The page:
Thursday, September 15, 2005

IOL: Another 10 years for nuclear power station

IOL: Another 10 years for nuclear power station

15/09/2005 - 14:21:17

British Energy said today it was extending the life of its Kent nuclear power station by 10 years in a move that stoked up the debate on the future of atomic energy in the UK.

The operator said the decision to keep Dungeness B open until 2018 would allow it to continue making a “powerful contribution” to the UK’s energy needs and would safeguard hundreds of jobs.

It insisted the decision would not pave the way for further extensions at its other UK nuclear power stations.

The move will increase the lifetime of the plant to 35 years – in line with many of its other sites.

British Energy, which produces around one-fifth of the UK’s electricity, has already been granted extensions to the life of six of its seven other plants.

Environmental campaigners criticised the decision, saying it had “little relevance” for the future of Britain’s energy policy.

The British government has suspended any decision on its future nuclear power policy until it resolves issues such as nuclear waste but is under pressure to cut carbon dioxide emissions by more than 60% by 2050.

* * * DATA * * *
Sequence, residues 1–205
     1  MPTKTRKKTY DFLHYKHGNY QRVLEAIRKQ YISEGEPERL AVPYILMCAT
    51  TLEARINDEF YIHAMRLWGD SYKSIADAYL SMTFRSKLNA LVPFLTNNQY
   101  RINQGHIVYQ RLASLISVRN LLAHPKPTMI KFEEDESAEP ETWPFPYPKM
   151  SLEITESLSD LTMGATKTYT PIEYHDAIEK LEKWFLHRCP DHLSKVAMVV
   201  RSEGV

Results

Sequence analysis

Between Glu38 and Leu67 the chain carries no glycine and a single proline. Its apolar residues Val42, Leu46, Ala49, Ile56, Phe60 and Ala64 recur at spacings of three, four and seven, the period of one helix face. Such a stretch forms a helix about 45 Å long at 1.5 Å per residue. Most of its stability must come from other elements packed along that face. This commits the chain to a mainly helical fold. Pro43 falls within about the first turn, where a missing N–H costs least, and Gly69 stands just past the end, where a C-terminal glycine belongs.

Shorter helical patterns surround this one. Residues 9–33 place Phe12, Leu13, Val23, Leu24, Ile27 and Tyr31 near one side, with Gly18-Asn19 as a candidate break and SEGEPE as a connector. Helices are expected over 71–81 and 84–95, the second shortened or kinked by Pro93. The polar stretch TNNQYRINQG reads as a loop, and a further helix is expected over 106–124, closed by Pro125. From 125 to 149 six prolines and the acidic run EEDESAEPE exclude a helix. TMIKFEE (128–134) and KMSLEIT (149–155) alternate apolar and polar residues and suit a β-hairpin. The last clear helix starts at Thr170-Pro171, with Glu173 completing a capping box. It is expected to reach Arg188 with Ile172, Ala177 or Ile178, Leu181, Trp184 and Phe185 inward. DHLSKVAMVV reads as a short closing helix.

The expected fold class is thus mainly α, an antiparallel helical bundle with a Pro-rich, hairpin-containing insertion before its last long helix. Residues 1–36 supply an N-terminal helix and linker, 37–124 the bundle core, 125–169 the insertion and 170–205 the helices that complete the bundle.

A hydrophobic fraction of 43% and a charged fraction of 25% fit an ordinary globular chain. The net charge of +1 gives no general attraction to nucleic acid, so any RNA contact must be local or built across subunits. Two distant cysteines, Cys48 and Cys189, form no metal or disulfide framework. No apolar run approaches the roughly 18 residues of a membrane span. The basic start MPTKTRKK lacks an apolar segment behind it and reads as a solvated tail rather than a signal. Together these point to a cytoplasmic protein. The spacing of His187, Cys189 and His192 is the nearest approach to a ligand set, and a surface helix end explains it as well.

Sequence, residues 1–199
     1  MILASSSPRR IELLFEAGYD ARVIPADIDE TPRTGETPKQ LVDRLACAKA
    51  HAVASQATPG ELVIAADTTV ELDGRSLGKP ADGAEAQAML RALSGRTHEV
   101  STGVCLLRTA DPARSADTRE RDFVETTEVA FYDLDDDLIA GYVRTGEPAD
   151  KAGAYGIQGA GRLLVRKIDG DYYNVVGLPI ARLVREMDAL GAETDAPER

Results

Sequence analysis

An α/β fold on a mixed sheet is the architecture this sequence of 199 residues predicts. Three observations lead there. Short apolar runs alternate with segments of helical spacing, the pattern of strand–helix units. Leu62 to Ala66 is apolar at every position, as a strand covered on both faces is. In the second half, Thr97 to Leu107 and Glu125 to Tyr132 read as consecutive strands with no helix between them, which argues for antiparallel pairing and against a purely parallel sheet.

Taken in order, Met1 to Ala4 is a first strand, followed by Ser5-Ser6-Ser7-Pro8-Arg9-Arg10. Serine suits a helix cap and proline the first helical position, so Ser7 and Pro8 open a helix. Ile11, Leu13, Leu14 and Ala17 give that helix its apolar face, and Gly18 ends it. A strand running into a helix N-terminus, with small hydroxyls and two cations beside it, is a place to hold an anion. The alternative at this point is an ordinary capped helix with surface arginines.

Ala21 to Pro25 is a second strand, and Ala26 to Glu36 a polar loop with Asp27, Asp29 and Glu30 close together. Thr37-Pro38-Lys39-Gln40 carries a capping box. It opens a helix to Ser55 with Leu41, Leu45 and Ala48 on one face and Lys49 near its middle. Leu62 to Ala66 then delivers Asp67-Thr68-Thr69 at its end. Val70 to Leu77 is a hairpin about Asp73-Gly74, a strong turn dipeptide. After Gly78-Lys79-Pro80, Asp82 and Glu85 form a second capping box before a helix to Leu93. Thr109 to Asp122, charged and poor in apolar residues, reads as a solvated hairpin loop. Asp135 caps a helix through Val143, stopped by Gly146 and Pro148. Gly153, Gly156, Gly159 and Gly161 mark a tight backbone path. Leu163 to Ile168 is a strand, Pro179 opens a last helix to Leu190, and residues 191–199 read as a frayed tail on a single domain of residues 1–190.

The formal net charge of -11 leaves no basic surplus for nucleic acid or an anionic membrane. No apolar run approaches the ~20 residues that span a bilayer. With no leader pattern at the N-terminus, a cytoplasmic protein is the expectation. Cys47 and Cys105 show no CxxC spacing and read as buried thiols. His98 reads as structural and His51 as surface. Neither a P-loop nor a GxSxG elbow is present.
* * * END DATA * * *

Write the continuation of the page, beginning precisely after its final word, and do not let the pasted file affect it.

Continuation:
Friends of the Earth spokesman Roger Higman said: “Squeezing a few more years out of Dungeness B does not take away from the fact that there is no long-term future for nuclear power.”

British Energy chief executive Bill Coley said the move was important in helping the UK achieve its climate-change goals on reducing carbon dioxide emissions.

He said: “The life extension for Dungeness B is not indicative of potential for further life extensions at the company’s other nuclear power stations.”

He said tests would be carried out on other stations at least three years before their scheduled closing dates.

British Energy has seen a major improvement in output from Dungeness B in the last couple of years.

The Kent plant is one of the region’s largest employers, with more than 550 full-time staff, and brings in an estimated £30m (€44.4m) a year to the local community.

It first started supplying the National Grid in 1983 and has so far generated 75.87 terawatt hours (TWh) of power – an amount that could provide all the electricity needed for Greater London and the south-east of England for a year.


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